Portland Awards Small Business Relief

An equity lens priority criteria helps 200 firms

Michael Leighton | 4/8/2020, 10:50 a.m.
More than 200 Portland small businesses were awarded grants Tuesday from a $1 million fund authorized by the Portland City ...
As people are ordered to stay home to avoid spreading the coronavirus, Portland city officials have announced the installation of relief grants and loans to help minority and women-owned firms and other disadvantaged businesses who are struggling to survive economically,

More than 200 Portland small businesses were awarded grants Tuesday from a $1 million fund authorized by the Portland City Council to provide relief to small businesses impacted by the coronavirus public health crisis with priority given to minority and women-owned firms and other disadvantaged businesses struggling to survive economically.

Prosper Portland, the economic development agency managing the relief effort, said the process generated 8,777 eligible grant applications, far exceeding the number of business who could be helped.

The Portland Small Business Relief Fund was created to support small businesses in sectors that have been directly impacted by COVID-19. A review committee, made up of community members and city staff, applied an equity lens while prioritizing the economic relief.

Businesses where a small grant would help them stay in business and businesses that continue to pay employees and/or continue to provide their employees’ healthcare and other insurance also received priority, officials said.

Prosper Portland reported that grants of $2,500 went to 100 community-serving businesses with a single employee, many of which had furloughed workers that the owner hopes to re-employ. The recipients ranged from childcare and preschool providers to health and wellness services to local food carts, consumer product makers and coffeehouses.

The remaining allocations from the relief fund, of $5,000 and $10,000, were to support businesses with between two and 26 or more employees; the grants assist businesses taking extraordinary measures to help their employees. Several businesses receiving these grants, for example, are using their personal resources to pay for employees’ food, personal protective equipment and salaries, officials said.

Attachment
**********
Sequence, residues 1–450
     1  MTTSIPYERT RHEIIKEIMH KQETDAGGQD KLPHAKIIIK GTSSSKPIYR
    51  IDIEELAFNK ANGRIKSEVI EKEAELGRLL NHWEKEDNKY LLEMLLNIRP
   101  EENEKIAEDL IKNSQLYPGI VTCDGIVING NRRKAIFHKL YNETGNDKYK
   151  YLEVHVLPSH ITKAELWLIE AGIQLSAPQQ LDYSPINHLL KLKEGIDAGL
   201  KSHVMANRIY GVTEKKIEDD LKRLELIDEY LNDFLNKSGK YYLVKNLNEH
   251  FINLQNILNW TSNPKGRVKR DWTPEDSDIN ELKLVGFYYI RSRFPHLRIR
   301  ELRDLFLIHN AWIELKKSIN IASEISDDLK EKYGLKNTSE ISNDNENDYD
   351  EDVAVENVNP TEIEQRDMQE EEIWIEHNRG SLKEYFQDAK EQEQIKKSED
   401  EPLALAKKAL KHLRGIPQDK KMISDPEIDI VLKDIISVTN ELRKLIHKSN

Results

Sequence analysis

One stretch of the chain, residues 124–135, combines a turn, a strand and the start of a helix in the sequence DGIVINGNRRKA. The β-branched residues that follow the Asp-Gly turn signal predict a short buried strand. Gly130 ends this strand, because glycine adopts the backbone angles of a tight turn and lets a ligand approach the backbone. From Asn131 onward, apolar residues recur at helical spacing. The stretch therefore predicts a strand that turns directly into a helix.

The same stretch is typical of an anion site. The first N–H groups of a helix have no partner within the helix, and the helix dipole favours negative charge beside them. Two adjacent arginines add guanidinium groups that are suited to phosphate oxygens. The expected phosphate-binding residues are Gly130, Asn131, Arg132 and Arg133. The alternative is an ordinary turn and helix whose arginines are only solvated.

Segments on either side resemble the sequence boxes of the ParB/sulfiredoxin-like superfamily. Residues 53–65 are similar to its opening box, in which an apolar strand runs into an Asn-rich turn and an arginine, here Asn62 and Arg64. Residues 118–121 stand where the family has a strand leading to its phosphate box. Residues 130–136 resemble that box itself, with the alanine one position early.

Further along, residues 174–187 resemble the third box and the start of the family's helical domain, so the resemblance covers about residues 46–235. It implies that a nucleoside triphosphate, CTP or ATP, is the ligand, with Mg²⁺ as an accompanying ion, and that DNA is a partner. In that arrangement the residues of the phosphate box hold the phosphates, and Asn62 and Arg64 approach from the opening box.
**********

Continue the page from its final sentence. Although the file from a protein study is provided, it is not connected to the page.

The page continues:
Prosper Portland said recipients received notification of their successful applications on Tuesday, and will receive funds by Friday, April 10, from one of three disbursement partners: Mercy Corps NW, Micro Enterprise Services of Oregon and Craft3.

Combined with the previously announced grants to Jade District and Old Town/Chinatown businesses through Asian Pacific American Network of Oregon, Prosper Portland has provided $1.14 million in relief funds to 241 businesses over the past three weeks.

Prosper Portland said the selection process was driven by a clear recognition that black, indigenous and all people of color communities, individuals with disabilities, and individuals experiencing poverty are often disproportionately affected by economic crisis, and by a strong desire to ensure the current crisis does not exacerbate existing inequities. In the last recession, unemployment rates almost doubled for all major race and ethnicity groups, with communities of color experiencing unemployment at percentages far higher than the average.

Mayor Ted Wheeler said, “Helping the most vulnerable in our city defines us as a community. Thank you to Prosper Portland and our partners on the thoughtful, balanced process that inspired selection of these businesses. I also want to thank the review committee for working around the clock over the past four days to ensure a quick and equitable process for the consideration and selection of these businesses. I call on our city’s private, philanthropic and community partners to continue to collaborate with us in support of the small businesses that fuel our city.”

City Commissioner Jo Ann Hardesty also issued a statement in support of the COVID-19 small business relief efforts.

“As businesses and workers continue hurting in this time, I’m appreciative of the swift action Prosper Portland and Council took to offer this small business relief fund. I also want to applaud Prosper Portland’s process in selecting the grantees – we know during times of crisis businesses owned by people of color and women are hit first and hardest, and have longer recovery periods, while lacking access to traditional funding sources,” said Hardesty. “While not every request could be met, this relief fund is a crucial measure while we await additional resources for our communities.”

City Commissioner Amanda Fritz said it was the council’s hope that the small grants will alleviate some of the operational gaps small businesses are facing.

“I celebrate your resilient nature and your commitment to your business, employees and patrons. Thank you,” she said.

An additional round of grants using more than $300,000 in funds provided by local banks to the Oregon Community Foundation will be finalized later this week, officials said.

In addition, Prosper Portland opened up applications for another $1 million relief loan program fund for small businesses Wednesday. Applications for the loans will close on Saturday, April 11 at noon. For more details including eligibility, requirements and frequently asked questions, visit www.prosperportland.us/relief.